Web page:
Comcast and Net Neutrality

Few things have revolutionized culture and the modern world as much as the internet has. Art, music, news, gaming, communications, shopping, education, politics- there’s not a single aspect of life that hasn’t been affected by it. Heck, revolutions that no one imagined could take place have, and the innovations and collaboration the internet has given a platform to have largely been credited as playing an integral role.

Not of course, to say that praise doesn’t ultimately go to the bravery of the Egyptian, Kurdish, and Syrian protestors…

At no other time has humanity had such access to democratic development and discussion.

And that time may now in fact be passing, with the striking down of net neutrality by a D.C. circuit court in January of this year.

FCC Head/Lobbyist Extraordinaire Tom Wheeler, who just doesn’t give a ****.

“Net neutrality”, in essence, is what ensures that you can access a small site- such as this blog- just as quickly as you’d be able to access Facebook, YouTube, or any major website. It’s what helped create the internet as we know it- a crazy platform where everything and everyone, for good or ill, is given an equal voice.

YouTube comments. Not always helpful or edifying.

The fact that net neutrality was struck down means, among other things, that companies can be (and probably will be) charged for their place on the internet by the major internet service and cable providers.

Both of them.

Okay, there are actually more than two of them, but we really only have a few nation-wide companies in the States and a smattering of local ISPs relegated to some tiny geographic location. If you live in some small town in Utah, there might be only one ISP in town- you go with them or you don’t at all.

Now ISP Comcast just won a battle against Netflix in their (Comcast’s) attempt to charge them for the data they use in streaming videos. Comcast’s argument was that since Netflix was taking up a lot of space with which to stream all their videos, they should be obliged to pay more. What this means is that the burden of something’s popularity is suddenly placed upon the people providing the content. The greater implications of this would be that huge swaths of the internet will have limits placed on how much they can grow. Let me offer an example-

Imagine a free education site was to start streaming lectures that everyone could access. Say they got really popular and started attracting a lot of traffic. Because they’re taking up more and more space, an ISP like Comcast could then charge that website money. Of course, that site being free, they’d either have to start charging people or gut their content or shut down entirely.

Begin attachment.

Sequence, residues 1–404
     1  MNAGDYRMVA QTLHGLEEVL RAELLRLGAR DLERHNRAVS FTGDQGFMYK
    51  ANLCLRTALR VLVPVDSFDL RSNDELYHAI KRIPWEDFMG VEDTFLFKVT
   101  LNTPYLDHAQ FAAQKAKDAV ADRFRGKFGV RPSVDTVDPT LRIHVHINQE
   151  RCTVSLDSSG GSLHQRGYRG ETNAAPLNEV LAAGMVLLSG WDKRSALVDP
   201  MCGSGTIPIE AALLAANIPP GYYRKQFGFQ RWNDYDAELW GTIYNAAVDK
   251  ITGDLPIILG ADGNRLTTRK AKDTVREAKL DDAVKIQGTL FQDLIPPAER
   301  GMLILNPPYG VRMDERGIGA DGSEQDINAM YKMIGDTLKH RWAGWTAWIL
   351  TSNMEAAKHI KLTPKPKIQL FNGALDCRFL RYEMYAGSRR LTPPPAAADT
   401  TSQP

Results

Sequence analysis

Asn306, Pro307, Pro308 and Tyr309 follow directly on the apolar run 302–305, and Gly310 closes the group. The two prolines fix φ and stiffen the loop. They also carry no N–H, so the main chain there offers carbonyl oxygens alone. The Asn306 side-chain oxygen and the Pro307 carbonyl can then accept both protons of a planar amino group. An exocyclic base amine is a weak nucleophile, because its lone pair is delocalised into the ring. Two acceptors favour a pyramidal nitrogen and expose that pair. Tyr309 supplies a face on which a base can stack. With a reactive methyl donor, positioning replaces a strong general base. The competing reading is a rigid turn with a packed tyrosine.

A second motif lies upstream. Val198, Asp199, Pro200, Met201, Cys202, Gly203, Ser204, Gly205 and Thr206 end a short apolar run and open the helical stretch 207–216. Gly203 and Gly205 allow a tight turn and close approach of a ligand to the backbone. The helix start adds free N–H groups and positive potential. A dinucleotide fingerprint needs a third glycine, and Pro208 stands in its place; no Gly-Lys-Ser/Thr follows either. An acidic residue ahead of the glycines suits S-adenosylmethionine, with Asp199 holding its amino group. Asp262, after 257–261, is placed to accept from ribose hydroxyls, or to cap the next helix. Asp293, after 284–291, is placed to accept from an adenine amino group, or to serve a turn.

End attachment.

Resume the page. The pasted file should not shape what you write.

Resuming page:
So yes, it’s basically internet feudalism.

The ISP-Consumer relationship summed up nicely. Only that guy is playing the demon Crowley, so it’s probably a more rose-tinted depiction…

They might, alternatively, just choose to slice up the internet and sell it off to you at jacked-up prices. What used to be free access for all will become privatized territory you can rent if you’ve got the cash.

This is literally what happened to the commons back in the day. Look it up.

I mentioned that the average person doesn’t really have much say when it comes to options in ISPs. Well, that’s only going to get worse, as this year Comcast is merging with Time Warner Cable, giving them control of approximately 75% of the ISP market. The deal still has to be approved by the FCC, but seeing as the FCC is run by the former head of the largest ISP lobbies in American history, we can probably guess which side they’re going to come down on.


In summary, an increasingly small group of corporations is working in tandem with each other and a corrupt government agency to gut the single greatest invention of the modern era. What on earth are we gonna do?

I have no idea.

That’s why I’m coming to you people. I’m just some ****** with a computer and delusions of eloquence, I have no clue what to do.

But maybe you guys will. So spread the word, stay educated, and keep giving these swine the fight of their lives. As much as they’re going to play this off as the inevitable (heck, beneficial) invisible hand of Capitalism, know that you do have options.

Again- spread the word, collaborate, and draw your lines in the sand. I will be damned if I have to pay for my beloved gifs!

Whatever you do, don’t drop it.

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